The Innocent Man’s Daughter

The Innocent Man's Daughter

Dennis Fritz’s story caught the attention of millions of people last year thanks to the Netflix documentary “The Innocent Man.” Twenty years ago, Fritz and his friend Ron Williamson were convicted in Pontotoc County for the 1982 rape and murder of 21-year-old Debra Sue Carter, but in 1999 both were exonerated with the help of The Innocence Project and new analysis of the DNA evidence used to convict them. For Fritz’s daughter Elizabeth Fritz Clinton, the wrongful conviction left her dealing with the loss of her only parent and the inability to fully understand the situation or know how to reach out for help.

“The stigma that’s attached to someone being incarcerated, and also the brutality of the crime that he was convicted for, that’s not something you want to openly share with others,” Clinton said.

Clinton’s mother had been murdered by a neighbor several years earlier, and after her father was convicted she lived with her grandmother. Her father went to prison as she entered middle school, leaving her without a parent during what she described as crucial developmental years. She also didn’t see him for 12 years because he didn’t want her to visit the prison. During that time, she found herself living two separate lives as she struggled to act like a normal teenager while also dealing with profound loss, fear and confusion. She recently began telling her story, most recently at Ripples of Hope, a benefit breakfast for the nonprofit organization Calm Waters, which provides free services to children and families dealing with divorce, grief and other types of loss.

“I internalize things quite a bit, so being able to just speak about it openly and honestly was really refreshing for me,” Clinton said.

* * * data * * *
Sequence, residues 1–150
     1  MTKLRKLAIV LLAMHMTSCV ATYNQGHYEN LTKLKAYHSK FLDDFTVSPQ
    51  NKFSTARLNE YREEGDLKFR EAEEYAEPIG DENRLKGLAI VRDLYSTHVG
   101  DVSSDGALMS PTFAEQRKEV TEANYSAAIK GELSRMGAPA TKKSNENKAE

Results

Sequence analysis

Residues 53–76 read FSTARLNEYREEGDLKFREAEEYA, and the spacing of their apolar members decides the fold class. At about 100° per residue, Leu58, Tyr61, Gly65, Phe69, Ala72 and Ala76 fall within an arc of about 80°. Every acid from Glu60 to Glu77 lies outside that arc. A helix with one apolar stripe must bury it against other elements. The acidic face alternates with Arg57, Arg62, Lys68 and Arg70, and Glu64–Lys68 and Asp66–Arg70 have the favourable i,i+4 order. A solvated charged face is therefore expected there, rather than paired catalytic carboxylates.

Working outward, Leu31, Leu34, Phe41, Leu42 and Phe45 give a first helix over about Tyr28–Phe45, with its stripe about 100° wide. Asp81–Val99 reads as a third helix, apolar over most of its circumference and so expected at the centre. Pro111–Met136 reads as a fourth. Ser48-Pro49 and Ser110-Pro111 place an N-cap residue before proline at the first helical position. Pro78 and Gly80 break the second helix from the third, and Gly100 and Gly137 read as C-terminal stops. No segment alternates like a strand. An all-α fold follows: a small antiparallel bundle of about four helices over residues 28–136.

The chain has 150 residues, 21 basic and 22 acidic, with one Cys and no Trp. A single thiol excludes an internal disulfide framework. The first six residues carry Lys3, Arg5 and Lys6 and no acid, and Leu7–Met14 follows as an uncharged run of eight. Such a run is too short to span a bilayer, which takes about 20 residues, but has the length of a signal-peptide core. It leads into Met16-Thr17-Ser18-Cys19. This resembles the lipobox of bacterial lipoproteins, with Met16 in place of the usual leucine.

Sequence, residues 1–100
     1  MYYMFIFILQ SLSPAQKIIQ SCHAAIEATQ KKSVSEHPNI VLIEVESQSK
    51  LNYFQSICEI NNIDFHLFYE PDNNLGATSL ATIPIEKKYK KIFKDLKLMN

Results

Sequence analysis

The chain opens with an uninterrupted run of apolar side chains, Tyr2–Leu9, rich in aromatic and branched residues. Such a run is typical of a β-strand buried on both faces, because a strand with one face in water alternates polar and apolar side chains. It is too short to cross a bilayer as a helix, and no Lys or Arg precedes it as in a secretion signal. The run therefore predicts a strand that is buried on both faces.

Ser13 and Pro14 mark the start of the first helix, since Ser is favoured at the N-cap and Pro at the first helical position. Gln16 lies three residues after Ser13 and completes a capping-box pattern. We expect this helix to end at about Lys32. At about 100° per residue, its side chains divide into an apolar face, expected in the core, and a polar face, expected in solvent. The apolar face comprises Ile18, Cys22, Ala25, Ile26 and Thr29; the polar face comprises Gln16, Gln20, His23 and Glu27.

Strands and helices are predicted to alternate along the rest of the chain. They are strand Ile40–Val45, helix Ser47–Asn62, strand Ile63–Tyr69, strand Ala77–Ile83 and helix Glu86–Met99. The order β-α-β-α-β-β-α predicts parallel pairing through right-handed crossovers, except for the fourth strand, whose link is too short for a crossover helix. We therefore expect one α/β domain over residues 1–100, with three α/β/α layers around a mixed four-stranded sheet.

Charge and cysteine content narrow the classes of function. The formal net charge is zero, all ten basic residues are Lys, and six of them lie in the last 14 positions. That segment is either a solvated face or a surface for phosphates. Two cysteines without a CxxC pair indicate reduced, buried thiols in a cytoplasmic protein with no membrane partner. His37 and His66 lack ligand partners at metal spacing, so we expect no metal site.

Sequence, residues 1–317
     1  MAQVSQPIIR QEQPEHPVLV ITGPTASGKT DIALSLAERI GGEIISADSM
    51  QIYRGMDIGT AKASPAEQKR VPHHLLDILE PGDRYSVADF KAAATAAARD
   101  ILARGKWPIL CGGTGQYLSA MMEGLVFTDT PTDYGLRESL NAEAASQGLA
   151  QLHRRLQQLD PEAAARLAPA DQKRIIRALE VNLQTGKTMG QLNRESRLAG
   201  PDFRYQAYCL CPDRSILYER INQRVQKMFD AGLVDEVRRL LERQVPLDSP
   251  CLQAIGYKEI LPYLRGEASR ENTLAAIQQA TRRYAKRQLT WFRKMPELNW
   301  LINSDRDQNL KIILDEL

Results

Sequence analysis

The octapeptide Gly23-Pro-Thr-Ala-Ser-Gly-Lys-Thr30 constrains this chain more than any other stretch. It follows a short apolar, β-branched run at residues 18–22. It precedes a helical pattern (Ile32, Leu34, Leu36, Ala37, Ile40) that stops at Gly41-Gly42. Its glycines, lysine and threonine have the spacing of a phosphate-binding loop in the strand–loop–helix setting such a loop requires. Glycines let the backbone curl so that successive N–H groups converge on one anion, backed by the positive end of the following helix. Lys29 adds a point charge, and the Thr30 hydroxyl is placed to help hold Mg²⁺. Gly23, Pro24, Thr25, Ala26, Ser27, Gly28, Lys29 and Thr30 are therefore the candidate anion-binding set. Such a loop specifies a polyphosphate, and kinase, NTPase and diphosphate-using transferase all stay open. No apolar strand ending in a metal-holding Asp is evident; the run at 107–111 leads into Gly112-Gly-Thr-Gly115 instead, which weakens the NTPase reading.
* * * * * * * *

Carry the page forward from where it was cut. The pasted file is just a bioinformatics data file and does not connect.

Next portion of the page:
Her family attended the event, and she said finally hearing her perspective helped them understand how the situation affected her. She said things might have been different if the support services available today had been an option back then, and she also hopes that other children dealing with loss will be better equipped to seek support.

Though she was nervous about speaking publicly, Clinton said she was surprised at how easily her story flowed as she finally faced the audience. She’ll share her story again in October at Wrongful Conviction Day,
a fundraising event hosted by the Oklahoma Innocence Project at the Oklahoma City University School of Law.

Fritz’s story came to national attention after best-selling novelist John Grisham’s 2006 book “The Innocent Man,” followed by the Netflix series. The conviction of both men depended largely on questionable witness testimony, including from the man now convicted of Carter’s death. The prosecution also relied on DNA analysis that has since been disproven and that used now-controversial methods such as hair analysis.

For Clinton, this showcases the importance of looking beyond first impressions and instead asking questions and seeking to understand someone’s situation before making assumptions. She also stressed the importance of not blindly accepting someone else’s word.

“Just because something has been said by someone you may consider to be in a superior position, it may not be the truth,” Clinton said. Clinton hopes that the attention surrounding her father’s case will encourage people not to make snap judgments. “What’s put in front of you may not always be what reality is,” Clinton said.

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